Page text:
THE BLOG
02/23/2012 09:59 am ET Updated Apr 24, 2012

Palin Aide Fined for Divulging Emails the State of Alaska Doesn't Want You to See

Sarah Palin aide Frank Bailey, whose story was published in the tell-all book Blind Allegiance to Sarah Palin (Frank Bailey, Ken Morris, Jeanne Devon - Simon & Schuster) has agreed to pay $11,900 in civil penalties to the state of Alaska for publishing revelatory emails he retained from his time working for the State of Alaska as a senior aide under Palin.

From the Alaska Dispatch:

The book, "Blind Allegiance to Sarah Palin," was published by an imprint of Simon & Schuster. Largely centered around Bailey's time as Palin's trusted adviser, its narrative relies heavily on emails sent between Bailey and Palin.

There have been at least a few books written about Palin's time as governor, but none as intimate -- because of those emails and because of Bailey's close relationship to Palin-- as "Blind Allegiance."

The payment of the fine was in response to an ethics complaint filed against Bailey by Palin watchdog and nemesis, Andree McLeod. McLeod had previously filed numerous ethics complaints against Palin. This complaint against Bailey alleged that he had shared and profited from confidential state emails in violation of ethics law.

I, along with the Associated Press, Mother Jones, MSNBC, and others submitted legitimate public records requests in the fall of 2008," McLeod wrote her Sept. 7, 2010, complaint. "After 2 years and more than a dozen extensions, we are still waiting for Palin's email documents to be made public. Yet, it seems that a former Palin aide and two others who remain anonymous have free access to Palin's emails ... all because Bailey worked for her in the governor's office.

The "two others," McLeod referenced no longer remain anonymous. Bailey shared his emails with co-authors Ken Morris and myself. These emails were sent and received by Bailey on private Yahoo! accounts which he himself created, admittedly at the time to allow communications in the Palin administration to remain off the radar, and not subject to public records requests. An Alaska court unbelievably ruled that the emails on these Yahoo! accounts were legal and not subject to public records laws.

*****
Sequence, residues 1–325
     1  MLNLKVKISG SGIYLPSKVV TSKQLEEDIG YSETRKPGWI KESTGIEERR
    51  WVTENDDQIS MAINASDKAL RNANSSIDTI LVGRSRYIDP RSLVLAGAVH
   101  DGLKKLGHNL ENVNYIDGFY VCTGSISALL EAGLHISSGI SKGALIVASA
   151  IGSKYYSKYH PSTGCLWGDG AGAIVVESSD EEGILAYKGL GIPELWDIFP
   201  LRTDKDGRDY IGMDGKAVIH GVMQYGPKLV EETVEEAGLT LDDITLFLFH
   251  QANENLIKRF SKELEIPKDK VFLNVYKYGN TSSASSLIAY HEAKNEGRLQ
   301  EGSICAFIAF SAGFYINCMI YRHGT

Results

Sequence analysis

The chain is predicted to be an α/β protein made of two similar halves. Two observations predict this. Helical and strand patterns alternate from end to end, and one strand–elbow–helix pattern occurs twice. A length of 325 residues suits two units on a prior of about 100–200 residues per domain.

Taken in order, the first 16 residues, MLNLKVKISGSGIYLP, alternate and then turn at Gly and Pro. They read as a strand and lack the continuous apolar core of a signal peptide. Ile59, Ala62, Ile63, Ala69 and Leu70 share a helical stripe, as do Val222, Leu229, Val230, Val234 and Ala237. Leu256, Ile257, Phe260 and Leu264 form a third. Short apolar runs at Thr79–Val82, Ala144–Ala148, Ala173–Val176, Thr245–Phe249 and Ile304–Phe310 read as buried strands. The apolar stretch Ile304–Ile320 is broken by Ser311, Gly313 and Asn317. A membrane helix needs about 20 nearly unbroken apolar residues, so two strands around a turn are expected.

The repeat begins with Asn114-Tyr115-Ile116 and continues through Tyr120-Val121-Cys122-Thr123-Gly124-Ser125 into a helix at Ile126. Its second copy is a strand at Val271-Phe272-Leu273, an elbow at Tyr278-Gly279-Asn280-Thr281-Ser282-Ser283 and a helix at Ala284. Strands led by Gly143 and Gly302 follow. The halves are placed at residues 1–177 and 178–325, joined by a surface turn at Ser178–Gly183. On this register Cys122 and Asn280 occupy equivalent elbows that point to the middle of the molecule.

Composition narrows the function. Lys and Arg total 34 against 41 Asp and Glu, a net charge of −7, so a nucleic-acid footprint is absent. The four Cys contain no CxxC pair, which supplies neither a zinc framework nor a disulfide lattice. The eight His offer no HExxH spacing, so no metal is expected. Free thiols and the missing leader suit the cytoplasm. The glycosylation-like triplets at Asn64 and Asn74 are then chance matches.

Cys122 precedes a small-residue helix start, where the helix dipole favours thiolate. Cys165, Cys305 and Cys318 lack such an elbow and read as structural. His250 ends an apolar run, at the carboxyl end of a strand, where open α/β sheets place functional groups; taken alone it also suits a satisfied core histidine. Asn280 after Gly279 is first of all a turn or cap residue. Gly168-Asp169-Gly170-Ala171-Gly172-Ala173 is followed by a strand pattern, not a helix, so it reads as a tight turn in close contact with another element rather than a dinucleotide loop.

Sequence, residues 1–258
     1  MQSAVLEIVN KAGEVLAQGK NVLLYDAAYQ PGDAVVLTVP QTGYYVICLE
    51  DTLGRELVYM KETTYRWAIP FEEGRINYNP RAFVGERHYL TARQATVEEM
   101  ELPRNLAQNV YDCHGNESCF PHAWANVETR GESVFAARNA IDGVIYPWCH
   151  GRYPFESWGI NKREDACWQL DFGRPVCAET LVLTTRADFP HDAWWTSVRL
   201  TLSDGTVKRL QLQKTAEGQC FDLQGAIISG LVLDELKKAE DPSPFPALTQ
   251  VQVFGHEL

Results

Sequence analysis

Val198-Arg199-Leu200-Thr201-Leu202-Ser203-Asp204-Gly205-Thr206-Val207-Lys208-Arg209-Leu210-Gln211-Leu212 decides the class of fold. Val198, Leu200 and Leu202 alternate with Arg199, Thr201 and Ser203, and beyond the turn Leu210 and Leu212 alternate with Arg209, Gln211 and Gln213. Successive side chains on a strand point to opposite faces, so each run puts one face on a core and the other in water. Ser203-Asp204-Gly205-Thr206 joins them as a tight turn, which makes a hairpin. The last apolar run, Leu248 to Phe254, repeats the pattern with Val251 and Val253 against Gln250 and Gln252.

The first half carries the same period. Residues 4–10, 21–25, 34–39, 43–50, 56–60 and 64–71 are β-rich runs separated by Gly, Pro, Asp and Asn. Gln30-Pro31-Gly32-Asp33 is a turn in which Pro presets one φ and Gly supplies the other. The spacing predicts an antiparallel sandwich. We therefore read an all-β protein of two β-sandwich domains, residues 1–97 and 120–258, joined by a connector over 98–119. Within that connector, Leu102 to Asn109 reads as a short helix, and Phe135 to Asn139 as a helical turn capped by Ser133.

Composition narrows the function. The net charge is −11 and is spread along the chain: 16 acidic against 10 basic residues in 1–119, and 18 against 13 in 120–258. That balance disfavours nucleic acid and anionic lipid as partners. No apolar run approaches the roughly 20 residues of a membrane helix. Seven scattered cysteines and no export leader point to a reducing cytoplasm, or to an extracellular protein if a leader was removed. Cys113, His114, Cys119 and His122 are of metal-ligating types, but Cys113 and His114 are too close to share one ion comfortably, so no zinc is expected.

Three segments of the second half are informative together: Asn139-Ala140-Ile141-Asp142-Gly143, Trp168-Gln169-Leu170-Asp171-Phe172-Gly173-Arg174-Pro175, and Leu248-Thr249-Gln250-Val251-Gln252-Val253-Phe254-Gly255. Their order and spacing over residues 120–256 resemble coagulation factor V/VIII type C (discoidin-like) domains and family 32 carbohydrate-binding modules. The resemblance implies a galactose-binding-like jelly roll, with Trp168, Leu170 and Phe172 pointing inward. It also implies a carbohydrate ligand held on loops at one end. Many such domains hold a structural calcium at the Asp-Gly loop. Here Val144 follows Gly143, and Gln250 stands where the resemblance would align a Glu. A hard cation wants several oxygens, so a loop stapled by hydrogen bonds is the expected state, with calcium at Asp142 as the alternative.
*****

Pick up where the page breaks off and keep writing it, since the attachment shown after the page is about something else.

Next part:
Regardless of this decision, the State of Alaska has had these Yahoo! emails from the Palin administration in its possession for years now. Bailey turned all the records over to Palin's attorney Thomas Van Flein, and to the State, but the state has thus far refused to make any of these emails available to the public.

These emails, which corroborate first-hand accounts in the book, contain critical information, solidifying evidence that Palin broke campaign finance law by coordinating with the Republican Governor's Association, then headed by current GOP presidential candidate Mitt Romney. They revealed the extreme measures to which the Pain administration went to exact revenge for perceived personal slights by private citizens, political enemies, and also by Palin's former brother-in-law Mike Wooten in what became the scandal known as "Troopergate."

In addition, the more than 60,000 emails reviewed by the three authors, many of which were revealed in the pages of Blind Allegiance, paint a sobering and frightening portrait of a woman who has been considered at times a strong possible candidate for President of the United States, and who is utterly emotionally unfit to lead. Even now, with the astonishingly weak and unstable GOP field of candidates, there is talk of Palin "making her move" at a brokered convention.